While it should come as no surprise that vegetables are good for you, did you know that high-protein vegetables, in particular, can be especially beneficial to your body?
There’s a reason (or many reasons) why we were told to eat our vegetables when we were children. For those whose parents had to hide peas in their mashed potatoes as a kid, or who still struggle to eat veggies that aren’t deep-fried even in adulthood, you’re not alone. The CDC released a report in 2022 saying that Americans aren’t getting nearly enough vegetables in their diet and urged that we figure out how to incorporate more of this food group into our daily diet. And when you learn all that vegetables can offer you and your health, you may feel more motivated to do so.
“Vegetables are packed with nutrients and antioxidants but do not carry a lot of calories. They also contain fiber to promote healthy digestion and absorption of nutrients while helping to reduce bad cholesterol levels,” says Catherine Gervacio, RD, registered dietitian and nutrition writer for Living.Fit.
What constitutes a high-protein vegetable?
Sure, most vegetables contain a helpful amount of fiber. However, some varieties of veggies contain protein, too.
“Vegetables are not a naturally high-protein food, but they can help boost the protein content of a meal, which may be especially important for people who don’t consume animal products,” explains Olszewski.
Because vegetables aren’t super high in protein compared to some animal products, legumes, or grains, Olszewski adds that “any vegetable with about 3-5 grams or more in a serving is considered a high-protein vegetable.”
Due to the fact that even the high-protein vegetables average between three and five grams (with a few going beyond this), it’s still best to pair this food group with other proteins for a balanced meal.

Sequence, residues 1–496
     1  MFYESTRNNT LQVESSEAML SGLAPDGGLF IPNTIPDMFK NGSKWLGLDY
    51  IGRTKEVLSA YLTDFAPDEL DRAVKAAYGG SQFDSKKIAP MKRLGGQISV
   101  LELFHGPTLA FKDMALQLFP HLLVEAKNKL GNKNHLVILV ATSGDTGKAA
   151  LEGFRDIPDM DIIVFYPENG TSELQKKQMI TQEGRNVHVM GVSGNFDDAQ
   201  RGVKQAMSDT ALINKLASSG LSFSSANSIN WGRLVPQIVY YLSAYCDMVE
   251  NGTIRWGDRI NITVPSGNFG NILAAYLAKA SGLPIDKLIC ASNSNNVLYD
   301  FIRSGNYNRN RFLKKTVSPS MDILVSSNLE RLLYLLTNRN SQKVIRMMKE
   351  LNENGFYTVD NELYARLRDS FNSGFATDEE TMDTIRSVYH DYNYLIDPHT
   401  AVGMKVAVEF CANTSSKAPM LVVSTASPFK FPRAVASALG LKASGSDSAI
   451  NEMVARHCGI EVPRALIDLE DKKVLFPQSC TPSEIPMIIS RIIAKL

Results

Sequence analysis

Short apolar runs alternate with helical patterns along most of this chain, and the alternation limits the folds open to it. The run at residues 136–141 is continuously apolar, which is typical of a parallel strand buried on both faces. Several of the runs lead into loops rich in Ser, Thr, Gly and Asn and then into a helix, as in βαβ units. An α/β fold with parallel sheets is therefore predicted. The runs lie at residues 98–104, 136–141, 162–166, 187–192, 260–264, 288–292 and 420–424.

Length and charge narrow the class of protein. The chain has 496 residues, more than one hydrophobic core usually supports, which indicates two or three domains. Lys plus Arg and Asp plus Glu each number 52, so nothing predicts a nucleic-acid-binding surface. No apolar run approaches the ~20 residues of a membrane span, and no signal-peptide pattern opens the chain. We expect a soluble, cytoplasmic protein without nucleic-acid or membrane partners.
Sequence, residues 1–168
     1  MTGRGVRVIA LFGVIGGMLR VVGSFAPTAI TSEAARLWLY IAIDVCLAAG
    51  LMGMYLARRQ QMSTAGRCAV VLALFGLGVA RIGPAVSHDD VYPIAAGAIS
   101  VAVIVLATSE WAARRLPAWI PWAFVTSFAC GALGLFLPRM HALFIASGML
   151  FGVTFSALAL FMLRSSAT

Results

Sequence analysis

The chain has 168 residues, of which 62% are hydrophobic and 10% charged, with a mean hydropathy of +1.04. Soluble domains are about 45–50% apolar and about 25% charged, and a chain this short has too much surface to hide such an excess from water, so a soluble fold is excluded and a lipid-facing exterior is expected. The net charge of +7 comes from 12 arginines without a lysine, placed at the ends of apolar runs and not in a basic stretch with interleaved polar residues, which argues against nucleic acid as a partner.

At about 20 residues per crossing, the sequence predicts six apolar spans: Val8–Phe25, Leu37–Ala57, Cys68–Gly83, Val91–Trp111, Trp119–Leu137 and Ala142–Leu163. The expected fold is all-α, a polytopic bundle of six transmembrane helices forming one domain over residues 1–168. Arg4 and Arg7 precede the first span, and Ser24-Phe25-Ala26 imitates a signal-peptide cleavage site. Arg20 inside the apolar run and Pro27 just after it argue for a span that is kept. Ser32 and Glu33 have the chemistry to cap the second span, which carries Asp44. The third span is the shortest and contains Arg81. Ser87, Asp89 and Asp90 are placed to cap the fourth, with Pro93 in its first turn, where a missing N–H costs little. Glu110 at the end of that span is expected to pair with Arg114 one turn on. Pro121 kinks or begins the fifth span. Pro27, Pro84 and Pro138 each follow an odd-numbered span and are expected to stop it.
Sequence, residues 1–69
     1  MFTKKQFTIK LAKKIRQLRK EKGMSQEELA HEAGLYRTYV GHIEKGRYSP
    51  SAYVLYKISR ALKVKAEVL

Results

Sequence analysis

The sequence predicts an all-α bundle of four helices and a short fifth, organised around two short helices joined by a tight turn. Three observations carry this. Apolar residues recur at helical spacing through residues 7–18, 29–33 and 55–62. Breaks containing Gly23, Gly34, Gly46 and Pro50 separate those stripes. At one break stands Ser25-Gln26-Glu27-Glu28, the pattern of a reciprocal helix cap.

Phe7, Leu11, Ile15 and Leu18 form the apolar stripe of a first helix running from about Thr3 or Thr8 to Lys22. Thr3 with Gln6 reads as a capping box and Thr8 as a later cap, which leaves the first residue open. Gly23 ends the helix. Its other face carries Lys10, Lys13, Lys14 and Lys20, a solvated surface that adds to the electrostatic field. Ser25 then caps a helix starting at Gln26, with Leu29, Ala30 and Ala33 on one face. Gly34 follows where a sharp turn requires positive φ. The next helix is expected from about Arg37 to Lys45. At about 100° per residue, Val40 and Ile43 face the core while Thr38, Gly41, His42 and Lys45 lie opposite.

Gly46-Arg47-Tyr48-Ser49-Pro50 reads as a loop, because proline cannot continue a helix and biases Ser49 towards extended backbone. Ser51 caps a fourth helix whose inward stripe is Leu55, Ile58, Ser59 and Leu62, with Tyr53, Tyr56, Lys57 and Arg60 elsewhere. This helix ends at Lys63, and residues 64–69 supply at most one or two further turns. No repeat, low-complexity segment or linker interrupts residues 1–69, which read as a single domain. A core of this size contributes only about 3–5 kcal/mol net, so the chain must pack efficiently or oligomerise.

“In order to achieve a high-protein meal with vegetables, the first step is to choose those that contain significant amounts of protein like spinach, green peas, asparagus, or sweet corn,” says Gervacio. “Animal meats and plant-based proteins like legumes and beans can already fill a high-protein meal, but these vegetables are good add-ons to ensure a sufficient amount.”
Read on to learn about 12 different high-protein vegetables to try, and for more healthy eating tips, check out The Best High-Protein Foods for Metabolism.
Protein per cup (cooked): 3.7 grams
Beets are known for their deep purple coloring and rich, earthy flavors, but were you aware that you can chow down on the greens of beets, as well? Providing potassium, iron, calcium, vitamin C, magnesium, fiber, and close to 4 grams of protein per cup, you can’t go wrong with throwing these greens in a salad or sautéing them with your favorite seasoning.
Protein per cup (cooked): 3.72 grams
Whether you’re enjoying it baked, sautéed, or steamed, broccoli can give you a nice protein boost of about 3.7 grams per cup—and the benefits don’t stop there. Along with being a high-protein vegetable, broccoli has also been found to help reduce the risk of certain cancers, aid in eye health as you age, and contribute important vitamins like folate, vitamin C, vitamin K, potassium, manganese, and iron.